LaMar Campbell ~ Detroit Lions

The Panel took random questions from the audience (of over 200 people).  One of the first:

Q. Why can’t they make helmets safer? 

LaMar Campbell’s answer:  “….they have agreements and contracts with certain companies, so while all of these new companies may come up with great ideas to help prevent concussions, there’s a lot of red tape they have to go through to get those implemented.  Even in High School they’re having problems implementing them in certain counties for kids as well…hopefully the light will come on, we’re looking at a lot of lawsuits now with high school players….so I guess we all hope that it will filter from the NFL (a billion dollar business) down to the younger level.  I just think most of those Companies now are just trying to break in and help prevent concussions any way they can.”

I had the opportunity to ask the same question to Dr. Steven D. Novicky: “We believe we have at Shockstrip.  Our external helmet device has been both independently lab and field tested and shown to reduce the probability of a concussion up to 34%, amongst other positive results.  Our State of the Art material and design was the key to our success.”

About the MONEY—in the film Moneyball, a 2011 movie about the Oakland A’s baseball team, Peter Brand and Billy Beane are discussing why he (Billy) is making a certain decision—Peter says: “You’re not doing it for the money.”  Billy: “I’m not?”  Peter: “No, you’re doing it for what the money says.  And it says what it says to any player that makes big money, that they’re worth it.”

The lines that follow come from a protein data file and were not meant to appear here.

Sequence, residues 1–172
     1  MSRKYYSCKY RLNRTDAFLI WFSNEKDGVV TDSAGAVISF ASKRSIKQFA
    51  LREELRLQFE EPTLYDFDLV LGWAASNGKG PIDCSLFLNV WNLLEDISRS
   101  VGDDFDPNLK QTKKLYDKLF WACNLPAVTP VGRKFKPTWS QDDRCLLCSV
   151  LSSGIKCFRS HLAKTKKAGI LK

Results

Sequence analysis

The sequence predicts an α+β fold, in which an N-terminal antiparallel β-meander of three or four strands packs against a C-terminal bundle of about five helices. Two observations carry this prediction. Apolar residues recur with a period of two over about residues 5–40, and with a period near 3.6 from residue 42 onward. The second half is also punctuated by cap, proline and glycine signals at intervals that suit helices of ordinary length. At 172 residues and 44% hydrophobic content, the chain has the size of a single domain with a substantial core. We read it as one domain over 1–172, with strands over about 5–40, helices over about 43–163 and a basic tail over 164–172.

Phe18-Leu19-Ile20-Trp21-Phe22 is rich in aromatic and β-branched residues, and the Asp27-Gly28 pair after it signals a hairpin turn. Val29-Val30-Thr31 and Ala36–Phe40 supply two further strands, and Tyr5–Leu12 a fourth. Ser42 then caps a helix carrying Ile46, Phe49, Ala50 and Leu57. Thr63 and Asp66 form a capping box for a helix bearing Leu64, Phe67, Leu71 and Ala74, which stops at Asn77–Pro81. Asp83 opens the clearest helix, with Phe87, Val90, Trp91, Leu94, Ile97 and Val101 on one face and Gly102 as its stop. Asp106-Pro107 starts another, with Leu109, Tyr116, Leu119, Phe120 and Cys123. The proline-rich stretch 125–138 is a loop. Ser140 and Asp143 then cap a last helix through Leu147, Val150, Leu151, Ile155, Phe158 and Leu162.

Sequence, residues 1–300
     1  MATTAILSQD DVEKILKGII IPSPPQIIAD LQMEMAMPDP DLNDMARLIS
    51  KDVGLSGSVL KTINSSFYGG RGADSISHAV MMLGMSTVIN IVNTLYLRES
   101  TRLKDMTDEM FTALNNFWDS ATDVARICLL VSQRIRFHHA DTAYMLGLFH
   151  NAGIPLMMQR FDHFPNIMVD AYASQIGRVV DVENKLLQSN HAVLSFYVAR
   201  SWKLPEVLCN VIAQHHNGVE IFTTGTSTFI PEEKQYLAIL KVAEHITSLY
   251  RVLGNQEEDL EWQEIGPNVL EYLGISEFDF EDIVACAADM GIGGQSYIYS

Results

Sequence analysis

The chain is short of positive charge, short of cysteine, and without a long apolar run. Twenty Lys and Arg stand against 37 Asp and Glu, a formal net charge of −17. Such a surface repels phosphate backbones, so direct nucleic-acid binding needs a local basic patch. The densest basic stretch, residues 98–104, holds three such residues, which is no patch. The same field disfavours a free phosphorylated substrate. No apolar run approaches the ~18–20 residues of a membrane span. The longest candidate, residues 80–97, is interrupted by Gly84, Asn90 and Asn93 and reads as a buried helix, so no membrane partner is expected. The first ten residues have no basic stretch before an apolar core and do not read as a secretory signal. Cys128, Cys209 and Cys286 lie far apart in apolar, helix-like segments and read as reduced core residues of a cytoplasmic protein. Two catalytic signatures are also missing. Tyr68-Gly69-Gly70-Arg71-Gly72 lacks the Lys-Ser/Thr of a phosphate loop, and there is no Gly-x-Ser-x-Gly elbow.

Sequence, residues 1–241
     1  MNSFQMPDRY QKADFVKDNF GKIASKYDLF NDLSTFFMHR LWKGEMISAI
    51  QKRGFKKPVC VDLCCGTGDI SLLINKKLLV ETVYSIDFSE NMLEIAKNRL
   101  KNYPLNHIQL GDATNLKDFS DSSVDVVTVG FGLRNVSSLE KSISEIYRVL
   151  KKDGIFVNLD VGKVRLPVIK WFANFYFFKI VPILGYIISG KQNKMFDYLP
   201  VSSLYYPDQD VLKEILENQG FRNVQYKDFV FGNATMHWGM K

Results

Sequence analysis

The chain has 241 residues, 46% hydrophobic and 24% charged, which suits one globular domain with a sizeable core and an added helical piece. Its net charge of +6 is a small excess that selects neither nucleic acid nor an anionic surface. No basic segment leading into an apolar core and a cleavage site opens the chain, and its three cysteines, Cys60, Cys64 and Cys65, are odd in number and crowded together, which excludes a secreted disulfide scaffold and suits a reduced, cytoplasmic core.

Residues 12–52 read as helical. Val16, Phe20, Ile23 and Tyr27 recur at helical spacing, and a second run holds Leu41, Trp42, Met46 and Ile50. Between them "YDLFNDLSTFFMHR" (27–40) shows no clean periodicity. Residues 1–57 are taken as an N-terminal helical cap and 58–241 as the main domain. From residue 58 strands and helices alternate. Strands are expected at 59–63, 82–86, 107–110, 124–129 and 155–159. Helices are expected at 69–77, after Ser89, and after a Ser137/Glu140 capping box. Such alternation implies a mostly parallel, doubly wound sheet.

I’m asking you, dear reader: These men, the subject of this heroic film—they are brothers, sons, fathers, husbands and our friends.  Are THEY WORTH being evaluated and taken care of, being monitored, receiving support and having a secure future for themselves and their families?  Are they?

Dorsey is heading to NYC in September to screen this extraordinary documentary in the Big Apple.  I’m certain we’ll be hearing more about this, as I’m “on the case.”


Block for somebody today.  If you can make someone else’s life a little easier…do it!


NFL Business Overview

In a study of the NFL that Jake Fisher completed while enrolled in an economics class at Harvard University, the author provides a business model of this popular and prosperous American football organization, and therewith discusses its marketing strategies, team (franchise) values and such financial data as revenues, operating expenses, and profits. Based on variables contained in the model, this professional league’s economic success occurs primarily because it centrally generates and equally shares national revenue streams from the media and merchandising, controls the distribution and quality of its product and thus stabilizes consumer demand for football, allocates risk proportionately among 32 franchises, restricts the long-term growth in players’ compensation, and maintains competitive parity.[1]